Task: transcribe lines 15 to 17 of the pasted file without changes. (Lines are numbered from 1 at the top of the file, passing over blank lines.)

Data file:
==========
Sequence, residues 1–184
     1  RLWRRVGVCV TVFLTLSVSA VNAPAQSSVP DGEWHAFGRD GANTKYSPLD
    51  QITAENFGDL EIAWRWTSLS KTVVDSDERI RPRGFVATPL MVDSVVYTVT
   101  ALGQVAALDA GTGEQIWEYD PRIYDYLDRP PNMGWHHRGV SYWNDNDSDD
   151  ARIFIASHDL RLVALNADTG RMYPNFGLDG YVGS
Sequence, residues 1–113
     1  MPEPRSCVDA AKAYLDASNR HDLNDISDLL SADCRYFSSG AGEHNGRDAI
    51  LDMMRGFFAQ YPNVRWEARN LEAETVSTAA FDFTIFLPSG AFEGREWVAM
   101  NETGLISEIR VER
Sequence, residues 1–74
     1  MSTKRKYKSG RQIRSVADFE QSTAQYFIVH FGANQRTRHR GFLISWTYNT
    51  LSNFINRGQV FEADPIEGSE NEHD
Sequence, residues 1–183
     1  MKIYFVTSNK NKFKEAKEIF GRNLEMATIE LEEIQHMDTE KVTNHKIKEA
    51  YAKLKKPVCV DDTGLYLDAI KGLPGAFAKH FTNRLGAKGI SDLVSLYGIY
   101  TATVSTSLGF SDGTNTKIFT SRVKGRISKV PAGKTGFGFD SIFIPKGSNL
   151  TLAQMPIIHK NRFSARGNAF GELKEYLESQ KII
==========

    51  YAKLKKPVCV DDTGLYLDAI KGLPGAFAKH FTNRLGAKGI SDLVSLYGIY
   101  TATVSTSLGF SDGTNTKIFT SRVKGRISKV PAGKTGFGFD SIFIPKGSNL
   151  TLAQMPIIHK NRFSARGNAF GELKEYLESQ KII